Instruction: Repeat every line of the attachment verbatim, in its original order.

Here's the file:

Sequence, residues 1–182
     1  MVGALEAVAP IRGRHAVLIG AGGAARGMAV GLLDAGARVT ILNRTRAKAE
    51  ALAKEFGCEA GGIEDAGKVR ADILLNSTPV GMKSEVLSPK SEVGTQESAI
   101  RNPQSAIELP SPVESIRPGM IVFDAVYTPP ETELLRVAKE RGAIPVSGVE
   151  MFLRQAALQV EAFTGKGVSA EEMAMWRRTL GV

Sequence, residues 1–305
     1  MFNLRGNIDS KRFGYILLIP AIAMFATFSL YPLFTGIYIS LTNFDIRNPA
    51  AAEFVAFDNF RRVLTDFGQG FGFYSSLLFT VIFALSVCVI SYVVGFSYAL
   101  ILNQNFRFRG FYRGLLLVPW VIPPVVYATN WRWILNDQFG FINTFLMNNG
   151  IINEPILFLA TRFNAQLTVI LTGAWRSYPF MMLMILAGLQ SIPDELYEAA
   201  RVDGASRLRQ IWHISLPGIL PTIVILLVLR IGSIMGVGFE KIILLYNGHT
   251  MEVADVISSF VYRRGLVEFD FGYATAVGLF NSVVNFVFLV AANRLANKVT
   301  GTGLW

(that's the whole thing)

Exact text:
Sequence, residues 1–182
     1  MVGALEAVAP IRGRHAVLIG AGGAARGMAV GLLDAGARVT ILNRTRAKAE
    51  ALAKEFGCEA GGIEDAGKVR ADILLNSTPV GMKSEVLSPK SEVGTQESAI
   101  RNPQSAIELP SPVESIRPGM IVFDAVYTPP ETELLRVAKE RGAIPVSGVE
   151  MFLRQAALQV EAFTGKGVSA EEMAMWRRTL GV

Sequence, residues 1–305
     1  MFNLRGNIDS KRFGYILLIP AIAMFATFSL YPLFTGIYIS LTNFDIRNPA
    51  AAEFVAFDNF RRVLTDFGQG FGFYSSLLFT VIFALSVCVI SYVVGFSYAL
   101  ILNQNFRFRG FYRGLLLVPW VIPPVVYATN WRWILNDQFG FINTFLMNNG
   151  IINEPILFLA TRFNAQLTVI LTGAWRSYPF MMLMILAGLQ SIPDELYEAA
   201  RVDGASRLRQ IWHISLPGIL PTIVILLVLR IGSIMGVGFE KIILLYNGHT
   251  MEVADVISSF VYRRGLVEFD FGYATAVGLF NSVVNFVFLV AANRLANKVT
   301  GTGLW